Voice/Vision Holocaust Survivor Oral History Archive

Nancy Fordonski - May 29, 1982

Hiding in Ghetto

Mm-hm. [pause] Okay, we're back in the Łódź ghetto and they're liquidating it. What was your action?

I--my sister and I we had uh, we were in a place. We had our little uh, room where, by the way, whenever it rained we had all the water in the room. Many times when I came home from work, and the rain came unexpected, the, the floor was already flooded. Or it start to rain in the middle of the night, when you put your foot out in the morning on the floor, you jumped into water. But this were the circumstances. But then came a announcement that uh, they were liquidating the ghetto and so many streets have to be vacant and we have to get more together. So the part--the place where we were living at has to be vacant. So we had to move on. And a few blocks further where my husband--still my boyfriend, my friend, was there with his mother. So my sister and I we have decided that we will move in to that same building where they lived. Because that place was still okay to stay.

Mm-hm.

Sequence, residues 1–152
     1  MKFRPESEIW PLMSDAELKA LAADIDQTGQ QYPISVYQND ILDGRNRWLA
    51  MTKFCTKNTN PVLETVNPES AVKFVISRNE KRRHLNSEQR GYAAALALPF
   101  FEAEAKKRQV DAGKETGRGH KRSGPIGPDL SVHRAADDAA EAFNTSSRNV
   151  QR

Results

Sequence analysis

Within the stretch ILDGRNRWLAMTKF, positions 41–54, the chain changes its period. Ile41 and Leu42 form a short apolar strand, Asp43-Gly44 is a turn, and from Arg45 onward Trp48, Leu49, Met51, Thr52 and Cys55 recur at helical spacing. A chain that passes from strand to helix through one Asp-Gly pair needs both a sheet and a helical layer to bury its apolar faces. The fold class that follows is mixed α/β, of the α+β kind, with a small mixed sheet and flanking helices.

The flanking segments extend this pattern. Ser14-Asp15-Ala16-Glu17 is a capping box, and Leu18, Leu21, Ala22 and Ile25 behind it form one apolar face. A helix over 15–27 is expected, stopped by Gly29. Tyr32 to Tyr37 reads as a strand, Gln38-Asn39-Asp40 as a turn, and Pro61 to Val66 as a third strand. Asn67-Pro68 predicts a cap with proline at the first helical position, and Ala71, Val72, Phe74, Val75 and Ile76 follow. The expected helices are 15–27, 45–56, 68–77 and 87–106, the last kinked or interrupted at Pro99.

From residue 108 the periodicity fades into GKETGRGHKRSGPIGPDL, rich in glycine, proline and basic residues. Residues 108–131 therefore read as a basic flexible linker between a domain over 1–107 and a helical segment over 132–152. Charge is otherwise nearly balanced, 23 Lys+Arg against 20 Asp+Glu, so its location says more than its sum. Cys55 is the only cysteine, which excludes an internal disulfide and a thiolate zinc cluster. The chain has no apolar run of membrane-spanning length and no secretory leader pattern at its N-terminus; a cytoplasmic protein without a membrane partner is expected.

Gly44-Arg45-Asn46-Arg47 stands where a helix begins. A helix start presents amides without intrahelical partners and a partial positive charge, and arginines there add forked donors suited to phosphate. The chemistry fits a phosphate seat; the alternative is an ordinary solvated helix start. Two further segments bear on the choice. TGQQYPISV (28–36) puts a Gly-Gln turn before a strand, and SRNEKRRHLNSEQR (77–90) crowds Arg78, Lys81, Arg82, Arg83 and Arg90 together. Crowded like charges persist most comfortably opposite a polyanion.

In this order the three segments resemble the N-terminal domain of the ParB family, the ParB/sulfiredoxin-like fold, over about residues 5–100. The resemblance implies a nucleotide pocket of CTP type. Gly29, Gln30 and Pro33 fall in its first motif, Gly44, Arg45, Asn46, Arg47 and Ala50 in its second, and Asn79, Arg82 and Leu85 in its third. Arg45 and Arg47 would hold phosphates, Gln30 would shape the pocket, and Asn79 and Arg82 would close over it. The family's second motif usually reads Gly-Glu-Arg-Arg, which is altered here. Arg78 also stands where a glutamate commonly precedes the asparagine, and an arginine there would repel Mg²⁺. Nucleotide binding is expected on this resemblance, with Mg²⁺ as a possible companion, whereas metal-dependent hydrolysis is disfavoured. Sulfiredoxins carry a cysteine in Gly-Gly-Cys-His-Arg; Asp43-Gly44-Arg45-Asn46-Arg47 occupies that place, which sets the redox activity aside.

There we were for a few days, trying to sch...to carry with us, to schlep everything what we could on our arms, some little food what we had, and some of the clothes. Because we still thought that maybe there we will still live 'til the war will end. So we had a room there and after being there for a few days, they were starting to make announcements again that they are liquidating the whole ghetto. And we have to come down and--to the--you know, it's a special, like uh, again, to the train, train station. That they will meet and they will put us on trains and they will send us away. And if they will find anybody, when the Germans--the SS will start to search the homes, when they will find anybody they will shot, they will shoot the people on the spot. But [pause] we thought that maybe the war will end before they will have a chance to liquidate the whole ghetto. We were trying still to stay on for a few days. And we were hiding. They were coming to the rooms and they were, they were searching for us, for people who was left. So one day, we had our hiding place here and there. One day my sister and myself we, we were thinking that the best hiding place will be right by the door. When the Germans come in, usually they look further. They don't look the first step they make into the room. They were looking in closets, they were looking in beds, under beds, and so on. So we were, we took some bedding and some stuff and we threw on a pile right by the door, right at the door. And the Germans didn't know, it was people already on the train or they are still somewhere. So we were under that pile of all that uh, clothing and bedding and there was a piece of sheet laying on the top. And when the SS--they were coming in into the room with big noises uh, like, "Verfluchte Juden!" "Are you still here?" "Get out!"


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